This assessment is backed up by scientific research on forests in Oregon and Washington. In 2013, the USDA Pacific Northwest Research Station examined the question of banning harvests as a source of CO2 reduction, reporting on the findings of researcher Dr. Jeremy Fried. Calling himself an “active member of the Sierra Club,” Dr. Fried argued that, “When the full energy benefits of harvested wood products are considered, well-managed forests typically create more total climate benefits than does any scenario intended to reduce the harvest.” The key reason is that, like the IPCC, his research found that substituting wood for more energy-intensive building materials, like steel and concrete, significantly reduces CO2 emissions.
The University of Washington researchers have measured the potential reduction in CO2 from using timber in construction instead of more energy-intensive materials. Examining a range of potential uses for harvested wood, they found that total CO2 emissions reduction from timber harvests could be many times as large as simply allowing forests to sit idle.
Finally, there is a major problem that cannot be addressed by those who advocate stopping harvests. A key calculation in any CO2-reduction project is what is called “leakage,” in which an activity that reduces CO2 in one part of the world is offset by an increase in that activity elsewhere. If preventing harvests in Washington means that more timber harvests occur in Idaho, Canada, or Russia, the total amount of global CO2 would not been reduced and may actually increase. Under an in-state harvest ban, when homes are built in Washington state, instead of using lumber that came from within Washington, it would be shipped in from elsewhere.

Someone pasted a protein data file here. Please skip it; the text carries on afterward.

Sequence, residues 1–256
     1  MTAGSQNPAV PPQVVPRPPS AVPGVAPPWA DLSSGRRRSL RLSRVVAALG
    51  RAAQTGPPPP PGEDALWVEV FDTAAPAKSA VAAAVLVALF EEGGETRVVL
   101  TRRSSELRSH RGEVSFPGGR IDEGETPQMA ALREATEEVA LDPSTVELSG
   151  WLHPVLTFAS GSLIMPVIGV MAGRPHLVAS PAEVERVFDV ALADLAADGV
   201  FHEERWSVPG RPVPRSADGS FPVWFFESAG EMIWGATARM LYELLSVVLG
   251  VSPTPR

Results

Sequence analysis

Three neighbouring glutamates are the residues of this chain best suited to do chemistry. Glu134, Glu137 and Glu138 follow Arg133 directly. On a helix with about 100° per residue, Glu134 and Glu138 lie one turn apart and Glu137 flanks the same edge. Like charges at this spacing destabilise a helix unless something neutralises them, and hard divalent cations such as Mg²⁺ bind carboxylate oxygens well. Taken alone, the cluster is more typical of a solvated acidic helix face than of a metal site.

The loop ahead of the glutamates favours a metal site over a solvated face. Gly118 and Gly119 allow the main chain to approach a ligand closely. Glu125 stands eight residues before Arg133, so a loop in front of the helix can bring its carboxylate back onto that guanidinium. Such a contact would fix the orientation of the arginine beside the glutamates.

A paper by the Director of Science and Sustainability at UW’s Consortium for Research in Renewable Industrial Materials, Elaine Oneil, explains the magnitude of this problem. The Seattle Times piece cites a paper from Beverly Law of Oregon State University that attempts to justify the ban-harvests proposal by analyzing a similar potential policy in Oregon. Critiquing Law’s analysis, Oneil notes that Oregon’s forest sector supplies “nearly 34% of the total US solid softwood products, which means that stopping harvest in Oregon would create tremendous leakage as wood demand would be fulfilled elsewhere where forest productivity is much lower than it is in Oregon.” Unless demand for timber was reduced by a similar amount, timber would be harvested elsewhere, eliminating the claimed global benefit from preventing harvests in Oregon. Worse, a lack of timber supply could increase wood prices, making energy intensive materials more attractive, which would be counterproductive.
None of these data are particularly controversial among forestry scientists. These questions have been examined repeatedly and consistently yield the same answer. To maximize the amount of CO2 removed from the atmosphere, working forests are best and letting forests grow, stagnate, and decay is a deeply flawed approach.
Shutting down all state trust forests would also do serious additional economic damage to timber communities at a time when we need more capacity to harvest and process trees to reduce the dangers of fire and disease in currently unhealthy forests across the state.
Ultimately, this would be a devastating lose-lose-lose-lose for CO2 reduction, timber jobs, revenue for public school construction (which is funded by profits from state timber sales), and our ability to repair unhealthy forests across the state. None of those facts about social and environmental benefit, however, were reported by Lynda Mapes. Let’s hope science and a more thoughtful approach prevails.